Attractive map of Boulogne-sur-Mer in northern France, with south-oriented at the top. The map shows the 18th-century layout of the city, with an older elevated part of the city and a younger coastal part. Detail is extensive, with topography, rivers, and roads shown, and maritime detail includes soundings and sandbanks.
Boulogne-sur-Mer was always an important naval port due to its proximity to the British Isles and was a center of conflict during the Middle Ages, the Napoleonic Wars, and the World Wars. The city would see notable growth and investment during the 18th and 19th centuries when conflict between France and England was at its highest.
The map appeared in Jacques Nicolas Bellin's Le Petit Atlas Maritime Recueti de Cartes et Plans des Quatre Parlies du Monde en Cinq Volumes, first published in Paris in 1764. The Atlas was an important 5 volume work, showing many places of interest around the world.
Jacques-Nicolas Bellin (1703-1772) was among the most important mapmakers of the eighteenth century. In 1721, at only the age of 18, he was appointed Hydrographer to the French Navy. In August 1741, he became the first Ingénieur de la Marine of the Dépôt des cartes et plans de la Marine (the French Hydrographic Office) and was named Official Hydrographer of the French King.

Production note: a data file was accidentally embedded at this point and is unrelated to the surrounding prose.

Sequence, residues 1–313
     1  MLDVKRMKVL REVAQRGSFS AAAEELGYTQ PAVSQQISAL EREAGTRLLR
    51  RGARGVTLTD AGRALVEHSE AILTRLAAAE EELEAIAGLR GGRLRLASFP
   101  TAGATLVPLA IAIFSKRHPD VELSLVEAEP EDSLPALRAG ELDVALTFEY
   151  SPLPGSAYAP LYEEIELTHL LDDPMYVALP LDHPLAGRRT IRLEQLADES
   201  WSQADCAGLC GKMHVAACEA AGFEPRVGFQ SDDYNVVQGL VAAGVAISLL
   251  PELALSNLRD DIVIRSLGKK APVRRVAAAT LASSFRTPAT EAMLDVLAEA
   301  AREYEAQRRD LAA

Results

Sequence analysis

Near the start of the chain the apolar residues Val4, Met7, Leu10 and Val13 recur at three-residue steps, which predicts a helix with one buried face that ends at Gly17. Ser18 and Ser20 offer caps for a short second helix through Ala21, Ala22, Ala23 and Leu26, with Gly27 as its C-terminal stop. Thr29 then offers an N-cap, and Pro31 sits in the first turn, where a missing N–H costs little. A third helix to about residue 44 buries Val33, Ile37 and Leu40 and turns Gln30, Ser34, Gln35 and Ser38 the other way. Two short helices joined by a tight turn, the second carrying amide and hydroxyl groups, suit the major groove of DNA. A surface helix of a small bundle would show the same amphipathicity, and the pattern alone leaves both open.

During his term as Official Hydrographer, the Dépôt was the one of the most active centers for the production of sea charts and maps in Europe. Their output included a folio-format sea atlas of France, the Neptune Francois. He also produced a number of sea atlases of the world, including the Atlas Maritime and the Hydrographie Francaise. These gained fame and distinction all over Europe and were republished throughout the eighteenth and even in the nineteenth century.
Bellin also produced smaller format maps such as the 1764 Petit Atlas Maritime, containing 580 finely-detailed charts. He also contributed a number of maps for the 15-volume Histoire Generale des Voyages of Antoine François Prévost.
Bellin set a very high standard of workmanship and accuracy, cementing France's leading role in European cartography and geography during this period. Many of his maps were copied by other mapmakers across the continent.